Just How Hard is Our Water?

Just How Hard is Our Water?


When acidic rainwater comes in contact with minerals like calcium, magnesium, manganese and potassium, it readily dissolves them into the water. The more mineral the water contains, the “harder” the water is said to be. Total hardness of water is defined as the sum of calcium and magnesium ion concentrates and is expressed as calcium carbonate in milligrams per litre.

Hardness in water is neither classified as a Primary or Secondary water contaminant because it does not seem to have any major adverse effect on health, though using hard water may cause the skin to become dry and itchy. Hard water also clogs hair follicles causing unnecessary hair loss. Hard water interferes with the function of soaps and detergents making them less effective in lathering. Ions of calcium and magnesium form insoluble salts when mixed with soap or detergent. Hard water can very well stain plumbing fixtures with a whitish “soap scum”, when the water evaporates leaving behind the mineral precipitates.It is this mineral staining which appears on bathroom walls, clings to hair, clogs skin pores, and make house cleaning much more difficult. Hardness also clogs and obstructs water pipes, drains and faucets.

Application of soap often indicates the hardness of a given sample of water. If proper foam and lather is produced with the application of soap, then the water may be called soft. However, there are more precise methods to determine the hardness of water, viz. by EDTA titration. Here this procedure is applied.


To determine the hardness of water with the help of EDTA titration.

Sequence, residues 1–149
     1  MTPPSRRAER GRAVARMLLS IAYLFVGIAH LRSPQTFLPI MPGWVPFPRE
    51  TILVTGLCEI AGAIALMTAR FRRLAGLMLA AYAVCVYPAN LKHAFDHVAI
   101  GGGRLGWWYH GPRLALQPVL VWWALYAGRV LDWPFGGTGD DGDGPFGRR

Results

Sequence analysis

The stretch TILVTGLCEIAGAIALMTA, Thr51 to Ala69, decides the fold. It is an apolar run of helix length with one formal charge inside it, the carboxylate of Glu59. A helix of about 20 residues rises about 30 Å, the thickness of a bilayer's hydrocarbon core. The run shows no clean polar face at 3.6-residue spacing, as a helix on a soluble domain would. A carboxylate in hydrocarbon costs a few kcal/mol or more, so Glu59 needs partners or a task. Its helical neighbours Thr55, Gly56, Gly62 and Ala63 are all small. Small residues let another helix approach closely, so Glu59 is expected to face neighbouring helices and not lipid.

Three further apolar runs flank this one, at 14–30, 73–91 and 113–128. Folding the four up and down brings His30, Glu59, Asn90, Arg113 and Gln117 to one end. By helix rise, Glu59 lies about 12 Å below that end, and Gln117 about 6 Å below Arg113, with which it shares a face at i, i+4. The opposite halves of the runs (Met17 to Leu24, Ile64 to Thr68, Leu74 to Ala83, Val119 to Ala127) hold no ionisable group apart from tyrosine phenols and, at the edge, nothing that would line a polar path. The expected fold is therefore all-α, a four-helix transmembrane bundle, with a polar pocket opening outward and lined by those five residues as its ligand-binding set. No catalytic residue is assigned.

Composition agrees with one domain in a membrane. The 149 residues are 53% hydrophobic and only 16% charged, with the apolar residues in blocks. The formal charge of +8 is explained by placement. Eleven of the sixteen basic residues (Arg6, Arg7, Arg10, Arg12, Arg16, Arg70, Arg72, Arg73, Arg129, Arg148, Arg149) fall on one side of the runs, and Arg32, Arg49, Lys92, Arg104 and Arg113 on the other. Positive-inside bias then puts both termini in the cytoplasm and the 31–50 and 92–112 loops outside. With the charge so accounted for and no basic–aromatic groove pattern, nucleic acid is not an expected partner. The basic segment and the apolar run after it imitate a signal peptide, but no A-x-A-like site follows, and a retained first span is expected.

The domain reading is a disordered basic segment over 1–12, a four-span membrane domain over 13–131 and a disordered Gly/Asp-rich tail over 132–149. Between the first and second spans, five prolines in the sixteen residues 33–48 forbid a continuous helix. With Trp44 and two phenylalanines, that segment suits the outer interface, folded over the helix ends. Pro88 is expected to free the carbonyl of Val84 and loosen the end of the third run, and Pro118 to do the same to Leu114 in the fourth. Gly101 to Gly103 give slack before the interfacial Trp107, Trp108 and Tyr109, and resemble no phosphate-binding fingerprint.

Materials / Equipment Required

  1. You would require some reagents, which you can procure and prepare at your school chemistry laboratory. These are:
    1. EDTA solution (0.01 M): To make this solution, weigh 3.723 g of disodium salt of EDTA. Dissolve it in distilled water and make up the solution to one litre.
    2. Buffer solution: This is prepared by dissolving 17.4 g of ammonium chloride in 142 ml of concentrated ammonia. Distilled water is then added to it to make up a required volume of 250 ml.
    3. Erichrome black-T indicator: You can prepare this by mixing and grinding together 0.40 g of erichrome black-T and 100 g of sodium chloride.
  2. Conical fllask
  3. Pipette
  4. Note book and pen


Take 50 ml of hard water sample in a dry conical flask with the help of a pipette. Add one ml of the buffer solution to the sample in the flask. Add a pinch of Erichrome black-T indicator and pour the standard 0.01 M EDTA solution that you have prepared from the burette into the water sample. Observe how the colour of the solution changes from red to blue. Record in your notebook, the volume of EDTA solution consumed to bring the change in colour.

Calculation of hardness

Let the volume of EDTA solution = v ml.

Now, 1 ml of 0.01M EDTA = 1 mg of CaCO3

So, v ml of 0.01M EDTA = v mg of CaCO3

Total hardness of the water sample =V * 1000mg/l (asCaCO3)

= V*20 mg/l (as CaCO3)

The total hardness of all the water samples should be estimated as per the above equation.

Limit of permissible Total Hardness of water in Indian Standards, expressed in mg per litre of CaCO3 is 1500. If no alternate source is available, this limit is extended up to 3000 mg of CaCO3 per litre.

You have just learnt how to find out the hardness in water! How nice it would be if there was a method to remove or reduce the hardness in water? Did you know that Alum can also help decrease the hardness in water? Try and experiment with alum treatment to bring down the hardness index within permissible limits. Record your findings.

Source: Harness water resources for a better future - Activity Guide for the 13th National Children's Science Congress 

This project can also be adapted to test the following hypothesis: Hardness of water from deep borewells is always greater than the hardness of municipal supply water’